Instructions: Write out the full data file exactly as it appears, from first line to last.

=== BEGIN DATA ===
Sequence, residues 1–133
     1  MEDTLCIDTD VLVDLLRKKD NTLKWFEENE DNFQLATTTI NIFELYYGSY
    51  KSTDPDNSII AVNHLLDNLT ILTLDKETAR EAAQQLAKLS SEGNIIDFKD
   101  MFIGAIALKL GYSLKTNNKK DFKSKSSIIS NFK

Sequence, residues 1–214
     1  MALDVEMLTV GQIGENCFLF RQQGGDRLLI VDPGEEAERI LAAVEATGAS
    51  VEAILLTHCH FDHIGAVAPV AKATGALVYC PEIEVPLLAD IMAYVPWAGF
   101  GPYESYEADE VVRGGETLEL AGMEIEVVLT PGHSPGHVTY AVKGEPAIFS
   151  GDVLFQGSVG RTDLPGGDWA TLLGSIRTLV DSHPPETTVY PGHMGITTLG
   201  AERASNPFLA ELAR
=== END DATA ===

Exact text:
Sequence, residues 1–133
     1  MEDTLCIDTD VLVDLLRKKD NTLKWFEENE DNFQLATTTI NIFELYYGSY
    51  KSTDPDNSII AVNHLLDNLT ILTLDKETAR EAAQQLAKLS SEGNIIDFKD
   101  MFIGAIALKL GYSLKTNNKK DFKSKSSIIS NFK

Sequence, residues 1–214
     1  MALDVEMLTV GQIGENCFLF RQQGGDRLLI VDPGEEAERI LAAVEATGAS
    51  VEAILLTHCH FDHIGAVAPV AKATGALVYC PEIEVPLLAD IMAYVPWAGF
   101  GPYESYEADE VVRGGETLEL AGMEIEVVLT PGHSPGHVTY AVKGEPAIFS
   151  GDVLFQGSVG RTDLPGGDWA TLLGSIRTLV DSHPPETTVY PGHMGITTLG
   201  AERASNPFLA ELAR